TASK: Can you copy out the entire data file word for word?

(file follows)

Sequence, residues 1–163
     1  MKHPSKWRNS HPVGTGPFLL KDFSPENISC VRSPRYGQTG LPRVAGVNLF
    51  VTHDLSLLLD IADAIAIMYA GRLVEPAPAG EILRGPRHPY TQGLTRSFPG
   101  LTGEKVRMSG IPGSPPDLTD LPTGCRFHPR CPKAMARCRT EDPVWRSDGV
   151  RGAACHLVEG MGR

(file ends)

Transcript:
Sequence, residues 1–163
     1  MKHPSKWRNS HPVGTGPFLL KDFSPENISC VRSPRYGQTG LPRVAGVNLF
    51  VTHDLSLLLD IADAIAIMYA GRLVEPAPAG EILRGPRHPY TQGLTRSFPG
   101  LTGEKVRMSG IPGSPPDLTD LPTGCRFHPR CPKAMARCRT EDPVWRSDGV
   151  RGAACHLVEG MGR